1993-94 2004-05 2009-10 2011-12
Urban Rural Urban Rural Urban Rural Urban Rural
8.0 9.6 7.3 9.5 6.97 9.41 7.1 9.1
CONTD..
 Education is an essential tool for breaking the intergenerational
transmission of poverty
 Universal enrolment but survival rate to grade 5 is still cause of worry
 But children are learning little in school
 Level of learning in Mathematics and English is very poor.
 As per ASER 2014, of all students enrolled in St V half can not read read
at St II level Close to half of all children will finish eight years of schooling
but still not have learned basic skills in arithmetic.
 Inequality in learning outcomes are high.
0
20
40
60
80
100
120
140
2000-01
2001-02
2002-03
2003-04
2004-05
2005-06
2006-07
2007-08
2008-09
2009-10
2010-11
2011-12
2012-13
2013-14
Percentage
Trend in Gross EnrollmentRatio
BOYS
GIRLS
TOTAL
73.5
84.2
90
94.81
61.9
76.4
86.1
93.38
49.3
67.7
81.8
92.7
0
20
40
60
80
100
19991 2000 2011 Likely Achv
in 2015
Percentage
Axis Title
Youth(15-24) Literacy Rtae(%)
Gender Gap
Female
Male
Total
A MIXED BAG OF GLORIES AND PITFALL..
 Gender inequality remains high.
 Literacy rates among women fall behind that of men, thus evidencing women‘s
poorer participation in learning outcomes and opportunities.
CONTD…
 India is moderately or almost nearly on track however ‘participation of women in employment and decision making
remains less and disparity is not likely to eliminate by 2015’.
Country’s Gender Parity Index (GPI) for Gross Enrolment Ratio (GER) in primary and secondary education has risen
and at 1.03 in 2013-14, but achieving GPI in tertiary education still remains a challenge which is 0.89 in 2012-13.
Violence against women is a major concern and do not reflect the progress made under other indicators.
Instances of violence against women has an astonishing and grim variety to it – with acid throwing, domestic
violence stemming out of dowry, rape, harassment and an assortment of others
0
0.2
0.4
0.6
0.8
1
1.2
IndexValue
Trend in GenderParity Index(GPI)
Primary
Education(I-V)
Secondary
Education(I - )
Higher
Education(18 to
23 yrs)
0 -1.77.98.815.2
29.636.942.549.359.970.8
0 -3.3
4.4 3.6 8.1
19.8 24.8 28 32.3
38.8
206.6
-50
0
50
100
150
200
250
AxisPercentageTitle
Incidence and Rate of Crimeagainst
Women(Percentage changefrom 2002)
Incidence
Rate
GROWTH & ATTAINMENT OF MDG
 Economic growth is critical to attainment of most of MDGs but
not sufficient
 Growth has tendency to reduce poverty but Income elasticity
of poverty has fallen
 Definitive view on poverty reduction is hostage to data
uncertainties
 The pattern of growth and sectoral composition matters for the
pace and quality of poverty reduction.
 Though consumption poverty has declined , calorie poverty
has not declined.
 Expansion of non-farm growth is more closely linked to urban
than agricultural growth which explains rapid decrease in
urban poverty than rural poverty
 India’s nonfarm growth, slow by international standard is driven
by urban growth, reduction levels and state and local factors.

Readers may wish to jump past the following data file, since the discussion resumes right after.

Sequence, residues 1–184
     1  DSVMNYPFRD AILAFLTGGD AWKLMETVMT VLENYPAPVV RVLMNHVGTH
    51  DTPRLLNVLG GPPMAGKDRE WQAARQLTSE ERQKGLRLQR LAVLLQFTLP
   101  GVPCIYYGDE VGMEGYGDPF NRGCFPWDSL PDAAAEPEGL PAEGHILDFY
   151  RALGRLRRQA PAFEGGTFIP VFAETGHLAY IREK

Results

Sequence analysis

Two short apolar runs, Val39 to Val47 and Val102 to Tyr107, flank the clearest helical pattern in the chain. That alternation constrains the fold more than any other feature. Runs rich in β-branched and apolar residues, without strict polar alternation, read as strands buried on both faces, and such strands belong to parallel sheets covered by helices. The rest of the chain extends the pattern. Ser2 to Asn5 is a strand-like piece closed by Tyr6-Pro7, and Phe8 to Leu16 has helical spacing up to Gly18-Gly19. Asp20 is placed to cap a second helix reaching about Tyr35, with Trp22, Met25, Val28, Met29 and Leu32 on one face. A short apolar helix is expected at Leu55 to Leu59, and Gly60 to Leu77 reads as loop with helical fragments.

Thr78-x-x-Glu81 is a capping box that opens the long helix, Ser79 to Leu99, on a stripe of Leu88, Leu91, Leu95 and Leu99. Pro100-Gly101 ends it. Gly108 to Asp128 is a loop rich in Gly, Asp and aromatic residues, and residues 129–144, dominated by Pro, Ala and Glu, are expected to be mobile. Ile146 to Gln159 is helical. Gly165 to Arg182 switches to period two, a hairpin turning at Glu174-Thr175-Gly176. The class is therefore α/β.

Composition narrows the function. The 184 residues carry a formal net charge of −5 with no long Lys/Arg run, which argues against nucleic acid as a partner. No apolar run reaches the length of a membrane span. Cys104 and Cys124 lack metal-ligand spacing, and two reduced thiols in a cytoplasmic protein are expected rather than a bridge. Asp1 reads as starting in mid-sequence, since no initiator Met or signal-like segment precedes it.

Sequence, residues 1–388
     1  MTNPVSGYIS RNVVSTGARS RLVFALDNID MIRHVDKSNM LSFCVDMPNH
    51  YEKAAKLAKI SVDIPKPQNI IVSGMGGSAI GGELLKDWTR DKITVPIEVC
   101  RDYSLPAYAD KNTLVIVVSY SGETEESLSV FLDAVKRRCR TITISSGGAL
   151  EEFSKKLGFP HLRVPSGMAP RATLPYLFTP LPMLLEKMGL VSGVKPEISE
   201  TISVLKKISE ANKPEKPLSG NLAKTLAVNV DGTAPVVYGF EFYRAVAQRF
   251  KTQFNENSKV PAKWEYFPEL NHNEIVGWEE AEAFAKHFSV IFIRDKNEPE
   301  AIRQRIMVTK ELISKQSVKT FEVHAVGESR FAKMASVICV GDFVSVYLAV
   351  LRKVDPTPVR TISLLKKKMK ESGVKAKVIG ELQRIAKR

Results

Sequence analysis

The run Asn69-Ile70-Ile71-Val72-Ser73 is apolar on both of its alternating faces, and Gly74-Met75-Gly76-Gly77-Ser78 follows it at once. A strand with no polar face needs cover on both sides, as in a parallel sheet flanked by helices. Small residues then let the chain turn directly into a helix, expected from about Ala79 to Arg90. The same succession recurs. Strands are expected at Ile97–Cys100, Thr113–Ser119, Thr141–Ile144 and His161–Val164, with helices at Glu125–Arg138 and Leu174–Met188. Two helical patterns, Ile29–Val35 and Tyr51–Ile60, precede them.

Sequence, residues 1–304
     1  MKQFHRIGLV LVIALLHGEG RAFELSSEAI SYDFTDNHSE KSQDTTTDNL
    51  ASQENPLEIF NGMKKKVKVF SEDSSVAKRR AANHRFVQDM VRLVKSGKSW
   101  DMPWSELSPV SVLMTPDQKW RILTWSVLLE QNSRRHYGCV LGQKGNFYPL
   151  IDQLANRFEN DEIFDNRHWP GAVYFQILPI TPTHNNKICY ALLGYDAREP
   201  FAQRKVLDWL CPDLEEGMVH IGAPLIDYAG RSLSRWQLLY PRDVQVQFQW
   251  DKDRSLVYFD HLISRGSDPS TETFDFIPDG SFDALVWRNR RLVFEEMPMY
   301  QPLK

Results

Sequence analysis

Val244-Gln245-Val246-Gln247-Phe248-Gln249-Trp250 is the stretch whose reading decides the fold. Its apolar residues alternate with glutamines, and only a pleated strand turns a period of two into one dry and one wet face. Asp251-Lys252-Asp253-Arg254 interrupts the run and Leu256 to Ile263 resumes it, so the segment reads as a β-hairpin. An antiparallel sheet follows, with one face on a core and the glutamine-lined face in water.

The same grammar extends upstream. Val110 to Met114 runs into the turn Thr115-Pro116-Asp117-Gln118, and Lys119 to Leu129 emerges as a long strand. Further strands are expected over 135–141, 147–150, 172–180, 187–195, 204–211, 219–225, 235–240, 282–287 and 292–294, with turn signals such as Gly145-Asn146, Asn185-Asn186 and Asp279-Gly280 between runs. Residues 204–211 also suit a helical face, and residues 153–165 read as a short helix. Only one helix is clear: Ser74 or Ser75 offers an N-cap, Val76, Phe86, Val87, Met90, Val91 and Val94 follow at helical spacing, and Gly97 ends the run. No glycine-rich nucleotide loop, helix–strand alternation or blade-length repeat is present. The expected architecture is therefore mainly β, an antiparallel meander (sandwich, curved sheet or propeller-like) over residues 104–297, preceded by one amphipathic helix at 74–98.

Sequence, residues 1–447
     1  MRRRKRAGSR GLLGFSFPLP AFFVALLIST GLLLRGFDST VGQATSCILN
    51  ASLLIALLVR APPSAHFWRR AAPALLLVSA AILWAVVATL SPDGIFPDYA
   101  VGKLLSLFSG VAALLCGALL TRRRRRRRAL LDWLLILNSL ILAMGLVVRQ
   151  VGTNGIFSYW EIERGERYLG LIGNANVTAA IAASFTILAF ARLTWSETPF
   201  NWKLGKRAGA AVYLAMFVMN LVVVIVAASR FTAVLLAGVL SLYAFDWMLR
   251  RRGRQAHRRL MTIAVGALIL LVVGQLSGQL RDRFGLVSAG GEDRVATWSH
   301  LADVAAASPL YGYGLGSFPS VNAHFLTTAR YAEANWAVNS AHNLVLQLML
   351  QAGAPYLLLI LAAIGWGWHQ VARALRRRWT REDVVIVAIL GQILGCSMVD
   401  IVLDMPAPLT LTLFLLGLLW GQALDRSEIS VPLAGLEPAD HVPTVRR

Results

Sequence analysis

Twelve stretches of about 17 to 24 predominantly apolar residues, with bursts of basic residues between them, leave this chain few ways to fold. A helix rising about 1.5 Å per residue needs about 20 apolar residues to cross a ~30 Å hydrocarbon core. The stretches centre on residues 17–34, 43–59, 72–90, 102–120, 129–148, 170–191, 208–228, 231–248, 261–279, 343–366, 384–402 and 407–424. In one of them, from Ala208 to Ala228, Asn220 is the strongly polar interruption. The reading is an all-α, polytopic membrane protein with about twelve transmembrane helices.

THE EMPLOYMENT- POVERTY NEXUS
 Employment is one of the main instrumentality which leads to
poverty reduction through growth
 Sectorial composition of economic growth, the choice and level
of technology and effective functioning of the labor market also
influence the rate of growth of employment
 Structurally, growth to be pro poor, employment intensity sector
must lead to expansion in the outputs directly or indirectly
induced.
 While the number of people moving into non farm employment is
growing, the quality of nonfarm employment is falling
BEYOND GROWTH AND POVERTY REDUCTION….
 In contrast to steady reduction in poverty India’s record in Human
Development is mixed.
 Variation in human development indicators are enormous across states.
 Increase in income level does not necessarily lead to consumption of MDG
Goods & Services due to other factors like:
 Social customs and barrier
 Lack of education and awareness
 Prohibitive cost due to lack of infrastructure
 Low level and slow growth in public expenditures particularly on health and
education
 For Growth to be Inclusive redistribution and channelization of the benefits of
growth, through social protection schemes, entitlement program – both to
reduce poverty directly and to allow people to benefit in other human
development.
CRITICISM ON MDGS
MDGs have often been criticized for being a top-down development agenda.
North-dominated.
represent a reductionist view of development
They are too limited in scope
Too focused on social sectors
their emphasis on quantification is excessive;
they omit fundamental objectives contained in the Millennium Declaration
inadequately address the complexity of the dimensions that are included
(e.g. gender equality and the quality of freedom)
MDG TO SDG – LEAVING NO ONE BEHIND
 Originated from The Open Working Group (OWG) deliberations
which was mandated by the Rio+20outcome document ‘The
Future We Want’
 Triple bottom line approach to human wellbeing
 Economic development
 Social inclusion
 Environment sustainability
MDG TO SDG – LEAVING NO ONE BEHIND
It is critically important to keep the key elements of SDGs in
perspective
The synthesis report of the Secretary General on the post-2015 agenda, “The
road to dignity: ending poverty, transforming all lives and protecting the